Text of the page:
Do stock prices fully reflect the predictive ability of other comprehensive income?

Rich, Joseph (2014). Do stock prices fully reflect the predictive ability of other comprehensive income? Honours Thesis, UQ Business School, The University of Queensland.

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Author Rich, Joseph
Thesis Title Do stock prices fully reflect the predictive ability of other comprehensive income?
School, Centre or Institute UQ Business School
Institution The University of Queensland
Publication date 2014
Thesis type Honours Thesis
Supervisor Allan Hodgson
Total pages 101
Language eng
Subjects 1502 Banking, Finance and Investment
Abstract/Summary Is Other Comprehensive Income (OCI) relevant to the value of a firm? Even if it is, do investors understand this and price it accordingly? The purpose of this thesis is to demonstrate the value relevance of OCI through an examination of its inherent time-series properties, and reconcile the mixed findings of the past through an examination of market mispricing. We first investigate the objective time-series properties of OCI by looking at its predictive ability in two respects: its ability to predict future values of itself (the persistence), as well as its incremental ability to predict future amounts of Net Income (the predictive value). Additionally, we investigate whether insider trading acts as an information signal by disseminating any private information about the true properties of particular OCI. Lastly, we decompose OCI into its major components, and also conduct a comparison OCI and pricing implications in the periods either side of the 2007-2008 Global Financial Crisis. Our results show that OCI exhibits negative persistence from period to period, but holds incremental predictive value for future values of Net Income. This study thus shows the value relevance of OCI through its objective time-series properties for predicting future Net Income, and reconciles the mixed findings of prior OCI literature with evidence of market mispricing. This paper would therefore prove useful to market participants concerned with the efficient pricing of financial markets, but most importantly to standard-setting bodies regarding the nature of OCI and the overall definition of income.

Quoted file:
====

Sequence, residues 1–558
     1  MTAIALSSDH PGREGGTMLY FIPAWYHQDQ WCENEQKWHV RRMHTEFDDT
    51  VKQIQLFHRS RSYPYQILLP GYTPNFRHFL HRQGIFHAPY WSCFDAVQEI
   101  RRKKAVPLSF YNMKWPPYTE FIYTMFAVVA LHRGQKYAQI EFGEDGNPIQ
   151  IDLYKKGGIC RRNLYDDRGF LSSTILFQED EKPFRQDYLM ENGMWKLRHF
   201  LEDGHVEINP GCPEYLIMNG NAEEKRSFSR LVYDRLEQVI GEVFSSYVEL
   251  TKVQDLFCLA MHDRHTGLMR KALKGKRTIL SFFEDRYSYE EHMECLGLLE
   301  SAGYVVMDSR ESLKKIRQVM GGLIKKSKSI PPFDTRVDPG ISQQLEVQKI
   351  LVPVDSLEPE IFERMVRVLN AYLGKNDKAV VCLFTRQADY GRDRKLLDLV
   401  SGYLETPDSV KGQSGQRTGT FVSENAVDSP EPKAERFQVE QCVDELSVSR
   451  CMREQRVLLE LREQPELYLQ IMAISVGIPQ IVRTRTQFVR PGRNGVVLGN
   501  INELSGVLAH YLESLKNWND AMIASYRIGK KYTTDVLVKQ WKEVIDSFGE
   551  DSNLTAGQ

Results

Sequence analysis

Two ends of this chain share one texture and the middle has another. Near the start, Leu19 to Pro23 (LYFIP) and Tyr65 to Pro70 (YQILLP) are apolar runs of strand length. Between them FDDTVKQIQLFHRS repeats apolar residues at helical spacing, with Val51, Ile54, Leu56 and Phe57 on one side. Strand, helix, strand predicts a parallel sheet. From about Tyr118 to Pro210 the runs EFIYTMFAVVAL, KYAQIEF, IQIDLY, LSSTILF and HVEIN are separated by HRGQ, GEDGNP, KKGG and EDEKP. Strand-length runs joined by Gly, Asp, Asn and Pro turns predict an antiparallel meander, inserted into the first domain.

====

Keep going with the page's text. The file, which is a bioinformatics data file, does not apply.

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Created: Wed, 25 Feb 2015, 15:49:52 EST by Karen Morgan on behalf of UQ Business School